During the last months, Dropbox, the well-known synchronization tool, was hit by bad stories. First, they changed their EULA (“End User License Agreement“) which clearly stated that Dropbox employees could access your files in case of very specific cases like law enforcement procedures. I always blogged about this. Then, researchers discovered that some files can be shared between multiple accounts: Dropbox “deduplicates” them. If the hash of your new file matches the one of an already uploaded file, Dropbox will simply link it to your account. For Dropbox, this is for cost saving reasons (bandwidth & storage). And finally, this weekend, the worst story: During a software upgrade, all Dropbox accounts were available to anybody without authentication during a few hours! In my previous article, I was already dreaming of a Dropbox replacement but I did not find my “dream tool”. Honestly and apart the security issues, Dropbox does a wonderful job. I’m using it between several systems: Linux, Windows, MacOS & iPhone. So, yesterday I tweeted about any valid alternative and got several feedbacks. My conclusion remains the same: Dropbox is a must. At least in my case, if you need to sync files in a scenario different of mine, they are very nice alternatives!
It’s now time to take actions! Some people simply decided to cancel their Dropbox account, I can’t! To keep the integrity and confidentiality of your files, the only way is to manage the encryption by… yoursefl! Note that this is valid for ANY solution, not only Dropbox! From my investigations, the only alternative which encrypts the data on client side is Wuala.
The first step is to find a convenient way to perform the (en|de)cryption process. They are plenty ways to encrypt files and directories but with Dropbox, we have to keep in mind the multiple platforms involved. Google found an interesting tool for me. It’s called gpgdir:
“gpgdir is a perl script that uses the CPAN GnuPG::Interface module to encrypt and decrypt directories using a gpg key specified in ~/.gpgdirrc.“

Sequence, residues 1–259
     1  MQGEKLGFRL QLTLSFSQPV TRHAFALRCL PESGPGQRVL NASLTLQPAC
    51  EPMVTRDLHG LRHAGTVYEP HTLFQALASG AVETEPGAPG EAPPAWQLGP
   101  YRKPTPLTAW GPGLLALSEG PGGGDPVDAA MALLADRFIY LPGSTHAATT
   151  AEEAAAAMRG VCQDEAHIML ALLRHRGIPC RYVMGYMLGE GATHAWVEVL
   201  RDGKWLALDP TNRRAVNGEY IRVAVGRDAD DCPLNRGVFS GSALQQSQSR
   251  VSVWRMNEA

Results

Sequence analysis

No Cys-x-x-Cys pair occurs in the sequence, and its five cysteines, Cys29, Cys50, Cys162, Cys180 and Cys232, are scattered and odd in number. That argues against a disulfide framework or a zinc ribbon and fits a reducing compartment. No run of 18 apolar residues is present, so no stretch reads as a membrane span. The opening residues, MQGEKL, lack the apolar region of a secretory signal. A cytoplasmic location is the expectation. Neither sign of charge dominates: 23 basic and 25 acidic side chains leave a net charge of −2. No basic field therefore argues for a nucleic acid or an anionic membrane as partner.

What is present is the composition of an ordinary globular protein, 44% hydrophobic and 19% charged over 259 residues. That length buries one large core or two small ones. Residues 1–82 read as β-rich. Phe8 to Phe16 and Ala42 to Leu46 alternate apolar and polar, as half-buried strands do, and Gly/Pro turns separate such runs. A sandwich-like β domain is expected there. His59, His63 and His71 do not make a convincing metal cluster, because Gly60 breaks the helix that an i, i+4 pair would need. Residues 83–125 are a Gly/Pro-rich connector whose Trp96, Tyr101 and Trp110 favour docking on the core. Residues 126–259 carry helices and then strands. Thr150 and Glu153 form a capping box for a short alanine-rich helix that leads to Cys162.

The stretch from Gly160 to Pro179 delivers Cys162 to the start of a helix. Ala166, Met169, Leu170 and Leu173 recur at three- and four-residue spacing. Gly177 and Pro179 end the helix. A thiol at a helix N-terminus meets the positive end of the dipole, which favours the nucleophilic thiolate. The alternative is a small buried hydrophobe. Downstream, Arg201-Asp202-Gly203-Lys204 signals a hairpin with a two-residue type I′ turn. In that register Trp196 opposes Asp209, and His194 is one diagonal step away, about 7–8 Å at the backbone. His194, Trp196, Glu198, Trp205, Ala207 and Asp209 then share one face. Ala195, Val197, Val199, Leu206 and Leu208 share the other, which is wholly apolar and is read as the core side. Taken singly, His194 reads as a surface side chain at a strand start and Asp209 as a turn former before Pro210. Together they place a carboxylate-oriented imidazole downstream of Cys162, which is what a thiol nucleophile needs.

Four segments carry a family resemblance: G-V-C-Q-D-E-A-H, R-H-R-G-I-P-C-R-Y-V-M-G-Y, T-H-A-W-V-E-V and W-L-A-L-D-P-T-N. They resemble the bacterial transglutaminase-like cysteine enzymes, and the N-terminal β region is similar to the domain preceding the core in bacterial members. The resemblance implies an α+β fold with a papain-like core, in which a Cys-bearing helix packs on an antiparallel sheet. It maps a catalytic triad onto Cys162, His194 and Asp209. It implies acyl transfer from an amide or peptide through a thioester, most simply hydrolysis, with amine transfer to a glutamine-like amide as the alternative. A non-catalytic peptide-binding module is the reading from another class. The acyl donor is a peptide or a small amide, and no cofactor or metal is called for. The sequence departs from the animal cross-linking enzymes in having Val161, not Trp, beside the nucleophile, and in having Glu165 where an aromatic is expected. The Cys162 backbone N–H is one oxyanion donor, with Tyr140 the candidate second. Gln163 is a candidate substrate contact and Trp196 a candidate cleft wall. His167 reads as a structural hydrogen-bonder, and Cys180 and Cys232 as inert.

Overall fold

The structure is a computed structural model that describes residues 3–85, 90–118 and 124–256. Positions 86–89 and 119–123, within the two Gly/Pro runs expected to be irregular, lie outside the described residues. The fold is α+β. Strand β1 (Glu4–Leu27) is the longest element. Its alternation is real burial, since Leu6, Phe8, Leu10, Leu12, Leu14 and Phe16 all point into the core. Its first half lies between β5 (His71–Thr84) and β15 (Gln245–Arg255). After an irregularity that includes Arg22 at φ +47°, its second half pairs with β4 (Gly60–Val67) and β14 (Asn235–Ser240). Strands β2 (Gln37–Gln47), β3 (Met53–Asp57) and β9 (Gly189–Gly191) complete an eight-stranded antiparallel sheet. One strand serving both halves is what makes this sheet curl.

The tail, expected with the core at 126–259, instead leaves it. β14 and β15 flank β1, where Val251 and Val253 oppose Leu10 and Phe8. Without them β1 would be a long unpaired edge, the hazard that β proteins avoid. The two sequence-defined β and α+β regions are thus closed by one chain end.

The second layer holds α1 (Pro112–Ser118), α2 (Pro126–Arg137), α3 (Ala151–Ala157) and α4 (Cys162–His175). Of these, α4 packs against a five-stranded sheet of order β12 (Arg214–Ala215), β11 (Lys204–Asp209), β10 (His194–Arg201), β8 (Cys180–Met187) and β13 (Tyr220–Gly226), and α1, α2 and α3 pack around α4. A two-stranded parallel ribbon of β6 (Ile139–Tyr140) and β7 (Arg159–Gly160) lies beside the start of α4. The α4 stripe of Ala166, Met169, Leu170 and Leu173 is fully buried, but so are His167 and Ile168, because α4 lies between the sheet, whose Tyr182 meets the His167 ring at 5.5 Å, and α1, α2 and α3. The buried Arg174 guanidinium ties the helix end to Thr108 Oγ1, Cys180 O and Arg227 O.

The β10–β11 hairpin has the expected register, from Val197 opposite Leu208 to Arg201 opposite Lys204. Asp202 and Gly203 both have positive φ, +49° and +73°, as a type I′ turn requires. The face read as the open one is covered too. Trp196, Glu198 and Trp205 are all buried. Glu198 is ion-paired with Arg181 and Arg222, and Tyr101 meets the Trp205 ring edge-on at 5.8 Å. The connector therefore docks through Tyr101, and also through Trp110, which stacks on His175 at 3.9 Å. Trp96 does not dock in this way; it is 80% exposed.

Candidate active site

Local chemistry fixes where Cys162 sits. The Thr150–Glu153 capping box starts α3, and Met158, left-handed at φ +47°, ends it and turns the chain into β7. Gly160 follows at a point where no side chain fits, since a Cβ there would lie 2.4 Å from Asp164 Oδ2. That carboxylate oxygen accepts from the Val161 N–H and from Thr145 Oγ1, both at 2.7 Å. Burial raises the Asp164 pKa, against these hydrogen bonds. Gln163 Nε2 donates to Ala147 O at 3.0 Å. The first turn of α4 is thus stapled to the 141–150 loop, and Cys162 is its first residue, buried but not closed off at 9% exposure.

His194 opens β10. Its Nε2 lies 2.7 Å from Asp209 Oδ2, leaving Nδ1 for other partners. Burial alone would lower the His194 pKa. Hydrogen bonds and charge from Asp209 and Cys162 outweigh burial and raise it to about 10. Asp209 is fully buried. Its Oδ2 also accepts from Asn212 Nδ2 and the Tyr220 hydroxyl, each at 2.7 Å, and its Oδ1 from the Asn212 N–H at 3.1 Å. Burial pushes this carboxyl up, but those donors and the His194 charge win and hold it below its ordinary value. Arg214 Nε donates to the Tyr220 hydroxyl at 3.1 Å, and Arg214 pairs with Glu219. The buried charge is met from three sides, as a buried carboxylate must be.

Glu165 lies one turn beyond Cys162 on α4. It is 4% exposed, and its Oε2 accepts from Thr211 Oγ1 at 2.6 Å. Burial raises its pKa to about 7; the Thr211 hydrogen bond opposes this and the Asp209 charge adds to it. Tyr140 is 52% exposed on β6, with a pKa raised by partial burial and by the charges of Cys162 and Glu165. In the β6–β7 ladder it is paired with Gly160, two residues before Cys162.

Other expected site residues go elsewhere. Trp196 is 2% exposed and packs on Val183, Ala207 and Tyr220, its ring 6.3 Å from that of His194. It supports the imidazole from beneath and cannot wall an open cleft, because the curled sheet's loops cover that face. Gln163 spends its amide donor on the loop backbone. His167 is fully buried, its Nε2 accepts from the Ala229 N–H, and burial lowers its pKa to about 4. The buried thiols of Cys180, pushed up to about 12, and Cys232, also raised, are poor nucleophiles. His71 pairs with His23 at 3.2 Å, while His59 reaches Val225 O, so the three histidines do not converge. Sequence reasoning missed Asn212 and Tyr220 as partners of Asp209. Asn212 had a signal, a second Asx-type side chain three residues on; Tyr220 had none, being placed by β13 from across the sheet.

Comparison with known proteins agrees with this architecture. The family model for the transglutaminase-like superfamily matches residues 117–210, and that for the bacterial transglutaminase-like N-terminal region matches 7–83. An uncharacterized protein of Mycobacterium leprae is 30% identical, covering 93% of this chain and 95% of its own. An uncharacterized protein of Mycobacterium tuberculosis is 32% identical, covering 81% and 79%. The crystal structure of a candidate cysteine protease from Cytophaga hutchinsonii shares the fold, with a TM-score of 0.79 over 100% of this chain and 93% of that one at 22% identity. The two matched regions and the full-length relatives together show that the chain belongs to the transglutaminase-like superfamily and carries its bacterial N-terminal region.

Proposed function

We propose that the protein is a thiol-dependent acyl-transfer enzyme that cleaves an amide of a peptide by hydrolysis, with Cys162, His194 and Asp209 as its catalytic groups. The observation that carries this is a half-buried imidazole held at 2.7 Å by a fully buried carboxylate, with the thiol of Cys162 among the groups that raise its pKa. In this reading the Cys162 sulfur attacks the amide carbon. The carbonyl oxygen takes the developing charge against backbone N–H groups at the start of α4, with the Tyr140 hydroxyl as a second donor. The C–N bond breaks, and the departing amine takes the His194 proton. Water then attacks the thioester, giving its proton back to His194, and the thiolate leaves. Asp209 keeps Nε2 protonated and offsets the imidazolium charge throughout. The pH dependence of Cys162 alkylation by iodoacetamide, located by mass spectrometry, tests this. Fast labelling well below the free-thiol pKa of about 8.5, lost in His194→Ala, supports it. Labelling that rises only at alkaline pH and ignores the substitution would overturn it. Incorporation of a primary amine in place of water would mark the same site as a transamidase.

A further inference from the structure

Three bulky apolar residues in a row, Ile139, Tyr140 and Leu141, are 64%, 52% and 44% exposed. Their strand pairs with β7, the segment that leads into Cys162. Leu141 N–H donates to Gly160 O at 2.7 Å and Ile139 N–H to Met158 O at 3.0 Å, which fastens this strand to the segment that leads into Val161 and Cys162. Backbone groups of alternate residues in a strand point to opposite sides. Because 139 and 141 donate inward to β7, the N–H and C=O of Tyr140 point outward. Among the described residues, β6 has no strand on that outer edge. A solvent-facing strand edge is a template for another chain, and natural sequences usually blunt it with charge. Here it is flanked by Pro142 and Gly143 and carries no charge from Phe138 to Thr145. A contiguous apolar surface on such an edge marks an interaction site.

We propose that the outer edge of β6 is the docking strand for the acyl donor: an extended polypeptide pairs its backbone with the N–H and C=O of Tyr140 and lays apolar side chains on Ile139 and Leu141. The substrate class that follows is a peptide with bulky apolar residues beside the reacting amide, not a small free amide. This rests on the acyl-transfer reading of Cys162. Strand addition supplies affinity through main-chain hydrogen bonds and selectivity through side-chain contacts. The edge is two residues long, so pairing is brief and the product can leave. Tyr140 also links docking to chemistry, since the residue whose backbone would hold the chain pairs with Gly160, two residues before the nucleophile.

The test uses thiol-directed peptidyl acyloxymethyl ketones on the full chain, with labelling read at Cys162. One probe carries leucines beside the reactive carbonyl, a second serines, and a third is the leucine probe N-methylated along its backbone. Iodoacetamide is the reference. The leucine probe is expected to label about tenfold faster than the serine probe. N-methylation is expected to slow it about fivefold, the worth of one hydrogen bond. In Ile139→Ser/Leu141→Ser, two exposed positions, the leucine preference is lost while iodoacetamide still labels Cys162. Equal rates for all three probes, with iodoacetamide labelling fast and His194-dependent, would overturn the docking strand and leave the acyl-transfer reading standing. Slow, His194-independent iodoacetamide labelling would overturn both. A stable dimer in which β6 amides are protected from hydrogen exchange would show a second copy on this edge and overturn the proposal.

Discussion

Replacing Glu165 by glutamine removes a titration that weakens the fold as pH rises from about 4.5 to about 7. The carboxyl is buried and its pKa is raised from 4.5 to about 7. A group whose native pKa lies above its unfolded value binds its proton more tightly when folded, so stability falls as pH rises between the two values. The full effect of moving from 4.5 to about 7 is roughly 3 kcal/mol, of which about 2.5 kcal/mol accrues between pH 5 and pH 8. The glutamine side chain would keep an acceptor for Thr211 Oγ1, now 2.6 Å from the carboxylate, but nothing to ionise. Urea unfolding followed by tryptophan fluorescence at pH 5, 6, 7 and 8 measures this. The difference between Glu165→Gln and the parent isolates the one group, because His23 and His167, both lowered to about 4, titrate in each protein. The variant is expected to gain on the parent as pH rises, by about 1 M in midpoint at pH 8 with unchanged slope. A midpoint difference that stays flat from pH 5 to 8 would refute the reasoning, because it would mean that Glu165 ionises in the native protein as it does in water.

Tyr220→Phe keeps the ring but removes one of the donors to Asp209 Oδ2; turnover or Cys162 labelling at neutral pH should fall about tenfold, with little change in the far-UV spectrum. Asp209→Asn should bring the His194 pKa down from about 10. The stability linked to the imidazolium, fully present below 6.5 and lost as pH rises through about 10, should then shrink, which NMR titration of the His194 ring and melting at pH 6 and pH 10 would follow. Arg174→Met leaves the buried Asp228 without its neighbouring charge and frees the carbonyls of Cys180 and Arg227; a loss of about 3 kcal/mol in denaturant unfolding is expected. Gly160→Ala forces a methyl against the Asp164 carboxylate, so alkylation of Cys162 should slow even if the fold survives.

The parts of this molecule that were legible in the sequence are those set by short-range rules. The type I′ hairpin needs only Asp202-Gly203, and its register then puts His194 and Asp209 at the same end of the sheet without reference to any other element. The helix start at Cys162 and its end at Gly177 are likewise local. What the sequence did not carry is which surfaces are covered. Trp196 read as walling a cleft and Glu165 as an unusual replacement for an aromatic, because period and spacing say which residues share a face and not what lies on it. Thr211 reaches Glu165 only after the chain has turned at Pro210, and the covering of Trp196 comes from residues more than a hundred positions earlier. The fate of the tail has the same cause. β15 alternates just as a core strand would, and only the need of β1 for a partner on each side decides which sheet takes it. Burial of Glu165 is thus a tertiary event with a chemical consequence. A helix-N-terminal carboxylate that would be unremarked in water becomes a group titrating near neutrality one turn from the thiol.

What did I like?
- Free and easy to use
- Based on GnuPG – It is a free alternative to PGP and I already use it for years.
- Written in Perl using CPAN modules – This ensures the portability on multiple OS (Linux, Windows and MacOS).
Under Linux, the installation is pretty straight forward, they are packages ready for most of the distributions (For Ubuntu, you need to install “signing-party“). On Windows, you will need Cygwin. Once installed, just specify the key to use during the encryption process (via your $HOME/.gpgdirrc) and you are ready to go. Let’s test:
$ cd /tmp $ mkdir mysafedir $ echo "This is secret" >mysafedir/safefile.tmp $ gpgdir -e mysafedir [+] Executing: gpgdir -e mysafedir Using GnuPG key: xxxxxxxx Enter password (for initial encrypt/decrypt test) Password:
[+] Encrypting files in directory: /tmp/mysafedir [+] Building file list... [+] Encrypting:Â /tmp/mysafedir/safefile.tmp [+] Total number of files encrypted: 1 $
Just create a directory in your Dropbox repository which will contain the critical files to be encrypted using gpgdir. Now, how to automate this? The easy/dumb way is to create a crontab:
Â */3 * * * * gpgdir -e -q -p $HOME/.gpgdirpw /tmp/mysafedir >/dev/null
This cron will run every 3 minutes and encrypt all files in /tmp/mysafedir. Did you notice the “-p” flag? It’s possible to put your password into a file and prevent any interaction with the user. Of course, it’s up to you to take the risk or not to write this information in a flat file!
An sexy alternative is to use the inotify tools! The following script will automatically encrypt new files created in our safe directory:
Â $ while inotifywait -q -r -e create /tmp/mysafedir do gpgdir -e /tmp/mysafedir -p $HOME/.gpgdirpw; done
Let’s create a new file and… magic!
$ cd /tmp/mysafedir $ echo "More and more secret" >newfile $ ls newfile.gpg safefile.tmp.gpg
The loop based on inotifywait could easily be started at boot time. Compared to the crontab solution, it does not consume resources until a new file is created in the directory.
As you can see, it’s quite easy to get rid of the Dropbox – or any other synchronization tool – security considerations by managing your own encryption!